An automated method to estimate tropical cyclone intensity using Special Sensor Microwave Imager (SSM/I) data is developed and tested. SSM/I images (512 km × 512 km) centered on a given tropical cyclone (TC), with a known best-track intensity, are collected for 142 different TCs (1988–98) from the North Pacific, Atlantic, and Indian Oceans. Over 100 characteristic features are computed from the 85-GHz (H-pol) imagery data and the derived rain-rate imagery data associated with each TC. Of the 1040 sample images, 942 are selected as training samples. These training samples are examined in a feature-selection algorithm to select an optimal subset of the characteristic features that could accurately estimate TC intensity on unknown samples in a K-nearest-neighbor (K-NN) algorithm. Using the 15 selected features as the representative vector and the best-track intensity as the ground truth, the 98 testing samples (taken from four TCs) are presented to the K-NN algorithm. A root-mean-square error (rmse) of 19.8 kt is produced. This “snapshot” approach is enhanced (rmse is 18.1 kt) when a TC intensity history feature is added to 71 of the 98 samples. Reconnaissance data are available for two recent (1999) Atlantic hurricanes, and a comparison is made in the rmse using those data as ground truth versus best track. For these two TCs (17 SSM/I images), an rmse of 15.6 kt is produced when best track is used and an rmse of 19.7 kt is produced when reconnaissance data are used as the ground truth.

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Paul M. Tag and Thomas E. Rosmound

Abstract

Accuracy and energy conservation are examined in a three-dimensional (3D) anelastic model. For both dry and moist (noncondensing) atmospheres, we prescribe analytic solutions of momentum, potential temperature and mixing ratio for both periodic and closed boundaries. Accuracy is assessed by comparing amplitudes and phase speeds from both the numerical and analytic solutions. Kinetic and potential energies and enthalpy (including air, vapor, liquid and latent) are calculated for both the mean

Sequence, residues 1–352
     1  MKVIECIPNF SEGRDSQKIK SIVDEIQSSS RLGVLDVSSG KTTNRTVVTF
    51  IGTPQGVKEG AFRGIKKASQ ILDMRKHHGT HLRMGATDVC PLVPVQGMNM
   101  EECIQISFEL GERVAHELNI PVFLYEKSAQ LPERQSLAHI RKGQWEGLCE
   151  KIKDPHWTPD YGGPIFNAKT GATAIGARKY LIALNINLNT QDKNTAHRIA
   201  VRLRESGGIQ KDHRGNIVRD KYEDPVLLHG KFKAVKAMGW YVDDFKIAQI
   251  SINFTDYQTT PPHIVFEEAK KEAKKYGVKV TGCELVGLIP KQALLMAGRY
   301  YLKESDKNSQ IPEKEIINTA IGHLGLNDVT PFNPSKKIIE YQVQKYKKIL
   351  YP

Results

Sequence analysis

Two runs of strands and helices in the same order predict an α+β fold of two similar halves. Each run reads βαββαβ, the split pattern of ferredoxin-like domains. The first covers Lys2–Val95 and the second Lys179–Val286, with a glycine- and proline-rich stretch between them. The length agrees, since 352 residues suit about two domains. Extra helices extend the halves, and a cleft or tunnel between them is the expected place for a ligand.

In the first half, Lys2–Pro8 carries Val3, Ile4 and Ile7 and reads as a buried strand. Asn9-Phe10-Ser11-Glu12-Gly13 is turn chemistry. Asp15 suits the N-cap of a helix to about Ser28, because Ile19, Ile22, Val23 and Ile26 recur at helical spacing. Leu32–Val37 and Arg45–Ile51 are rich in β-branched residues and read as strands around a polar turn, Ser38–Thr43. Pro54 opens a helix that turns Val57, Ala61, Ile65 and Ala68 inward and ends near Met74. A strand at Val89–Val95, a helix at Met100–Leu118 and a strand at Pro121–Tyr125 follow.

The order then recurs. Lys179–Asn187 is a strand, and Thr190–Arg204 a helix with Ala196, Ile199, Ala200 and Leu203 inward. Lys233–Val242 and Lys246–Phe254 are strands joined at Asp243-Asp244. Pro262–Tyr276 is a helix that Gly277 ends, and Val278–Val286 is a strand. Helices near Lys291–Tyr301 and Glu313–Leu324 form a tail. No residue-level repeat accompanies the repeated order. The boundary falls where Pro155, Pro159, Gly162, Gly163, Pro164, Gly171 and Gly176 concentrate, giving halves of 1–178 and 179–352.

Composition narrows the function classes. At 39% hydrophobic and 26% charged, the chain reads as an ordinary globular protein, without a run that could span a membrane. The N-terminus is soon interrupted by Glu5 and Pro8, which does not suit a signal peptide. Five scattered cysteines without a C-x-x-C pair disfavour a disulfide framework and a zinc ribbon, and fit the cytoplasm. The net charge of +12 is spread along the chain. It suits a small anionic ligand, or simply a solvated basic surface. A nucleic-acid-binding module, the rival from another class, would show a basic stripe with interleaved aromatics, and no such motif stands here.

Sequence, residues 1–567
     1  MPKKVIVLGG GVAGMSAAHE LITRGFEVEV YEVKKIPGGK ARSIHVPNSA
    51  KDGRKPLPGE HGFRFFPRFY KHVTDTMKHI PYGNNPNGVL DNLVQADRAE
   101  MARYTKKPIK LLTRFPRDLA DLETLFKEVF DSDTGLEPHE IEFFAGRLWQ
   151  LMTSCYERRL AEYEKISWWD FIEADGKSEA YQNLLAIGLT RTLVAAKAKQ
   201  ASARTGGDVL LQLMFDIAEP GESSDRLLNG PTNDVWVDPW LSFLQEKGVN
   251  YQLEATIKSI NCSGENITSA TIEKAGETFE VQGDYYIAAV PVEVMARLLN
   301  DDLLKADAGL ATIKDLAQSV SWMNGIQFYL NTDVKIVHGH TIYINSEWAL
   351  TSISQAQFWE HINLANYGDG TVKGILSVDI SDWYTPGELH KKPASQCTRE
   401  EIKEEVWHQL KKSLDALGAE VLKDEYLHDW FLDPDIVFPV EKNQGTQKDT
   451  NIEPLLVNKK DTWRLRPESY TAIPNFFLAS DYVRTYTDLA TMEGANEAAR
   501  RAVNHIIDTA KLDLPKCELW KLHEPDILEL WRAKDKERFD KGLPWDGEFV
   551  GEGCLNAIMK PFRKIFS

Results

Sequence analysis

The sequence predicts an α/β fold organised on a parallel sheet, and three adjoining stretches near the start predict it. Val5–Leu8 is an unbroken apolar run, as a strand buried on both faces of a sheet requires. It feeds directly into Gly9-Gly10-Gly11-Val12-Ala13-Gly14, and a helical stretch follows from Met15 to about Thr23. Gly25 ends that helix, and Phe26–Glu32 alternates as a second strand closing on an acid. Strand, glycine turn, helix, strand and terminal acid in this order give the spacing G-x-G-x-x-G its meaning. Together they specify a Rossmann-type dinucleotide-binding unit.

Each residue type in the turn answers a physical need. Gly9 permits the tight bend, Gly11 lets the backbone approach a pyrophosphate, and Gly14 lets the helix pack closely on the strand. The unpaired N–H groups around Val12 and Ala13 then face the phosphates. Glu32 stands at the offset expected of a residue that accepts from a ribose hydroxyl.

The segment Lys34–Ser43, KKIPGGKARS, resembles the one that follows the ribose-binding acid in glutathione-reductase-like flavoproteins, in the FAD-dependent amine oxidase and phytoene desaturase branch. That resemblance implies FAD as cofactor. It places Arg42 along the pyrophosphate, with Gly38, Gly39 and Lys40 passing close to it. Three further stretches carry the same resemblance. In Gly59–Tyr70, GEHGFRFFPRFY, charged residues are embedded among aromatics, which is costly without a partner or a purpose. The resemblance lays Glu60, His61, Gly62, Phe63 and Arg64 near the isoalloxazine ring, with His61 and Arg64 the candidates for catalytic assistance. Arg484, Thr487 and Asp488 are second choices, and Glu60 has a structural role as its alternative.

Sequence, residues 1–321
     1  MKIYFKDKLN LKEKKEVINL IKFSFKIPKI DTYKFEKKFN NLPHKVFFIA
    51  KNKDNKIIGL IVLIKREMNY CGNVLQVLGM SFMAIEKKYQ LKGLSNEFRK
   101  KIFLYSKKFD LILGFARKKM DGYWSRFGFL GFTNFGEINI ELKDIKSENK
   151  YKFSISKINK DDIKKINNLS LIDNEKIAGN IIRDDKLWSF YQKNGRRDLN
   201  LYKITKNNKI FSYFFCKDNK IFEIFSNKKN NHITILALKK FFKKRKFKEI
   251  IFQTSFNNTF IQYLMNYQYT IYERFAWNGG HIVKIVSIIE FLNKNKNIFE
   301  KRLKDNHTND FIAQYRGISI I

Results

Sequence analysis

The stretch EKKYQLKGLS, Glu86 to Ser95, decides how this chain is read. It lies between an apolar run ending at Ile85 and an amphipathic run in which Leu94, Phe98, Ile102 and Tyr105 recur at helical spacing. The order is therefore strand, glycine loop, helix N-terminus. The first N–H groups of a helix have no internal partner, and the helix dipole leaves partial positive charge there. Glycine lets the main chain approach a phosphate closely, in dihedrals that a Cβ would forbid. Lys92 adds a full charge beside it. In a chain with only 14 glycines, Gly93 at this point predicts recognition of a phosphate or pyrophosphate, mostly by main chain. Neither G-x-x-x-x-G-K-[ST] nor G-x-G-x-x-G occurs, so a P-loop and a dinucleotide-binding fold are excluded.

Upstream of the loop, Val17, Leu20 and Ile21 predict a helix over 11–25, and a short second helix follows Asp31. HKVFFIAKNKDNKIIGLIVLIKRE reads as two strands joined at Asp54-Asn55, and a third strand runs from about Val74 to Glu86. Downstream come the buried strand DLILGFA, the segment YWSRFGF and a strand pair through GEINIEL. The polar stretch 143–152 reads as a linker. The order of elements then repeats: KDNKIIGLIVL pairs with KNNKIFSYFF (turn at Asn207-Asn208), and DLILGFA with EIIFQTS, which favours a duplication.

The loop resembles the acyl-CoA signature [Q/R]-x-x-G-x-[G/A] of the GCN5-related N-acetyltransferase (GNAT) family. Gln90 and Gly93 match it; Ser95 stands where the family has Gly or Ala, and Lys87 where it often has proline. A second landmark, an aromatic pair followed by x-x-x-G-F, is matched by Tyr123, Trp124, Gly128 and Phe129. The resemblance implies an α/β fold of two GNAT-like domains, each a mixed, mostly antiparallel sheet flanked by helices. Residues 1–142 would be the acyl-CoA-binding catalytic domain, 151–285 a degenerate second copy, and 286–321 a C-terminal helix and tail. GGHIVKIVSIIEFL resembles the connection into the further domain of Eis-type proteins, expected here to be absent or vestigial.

and perturbation states. To assess the energetics involved in phase changes, we examine a separate cloud simulation. Two-dimensional (2D) and hydrostatic experiments are also conducted using the cloud simulation.

For the linear analytic wave solutions, phase speeds as a function of time step for our semi-implicit model are compared to both implicit and explicit linear stability generated speeds. We show that an explicit scheme enhances the phase speed up to the CFL cutoff while an implicit scheme retards the phase speed. For the quasi-Lagrangian method of moisture advection, we find that a water conservation algorithm is necessary to maintain conservation of total perturbation energy. Similarly. the correct inclusion of moisture in the computation of density is most critical to energy conservation. In comparing a 2D forced cloud to the 3D simulation, only 17% of the perturbation energy which changes form in the 3D case does so in the 2D experiment-in direct relation to the larger cloud in the 3D simulation. And finally, comparing experiments both with and without the hydrostatic assumption, we verify earlier 2D findings that the magnitude of the vertical motion is larger in a hydrostatic model.

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Thomas F. Lee and Paul M. Tag

The 3.7-μm channel on-board the National Oceanic and Atmospheric Administration's (NOAA) Advanced Very High Resolution Radiometer (AVHRR) provides the unique capability to detect small, but hot, surface features. We present an image-processing technique based on a pixel-by-pixel subtraction of 10.8 μm from 3.7 μm brightness temperatures. We also develop an automated technique which classifies hotspots based on: 1) the brightness temperatures at 3.7 and 10.8 μm at a given pixel, and 2) a background temperature based on the immediately surrounding pixels.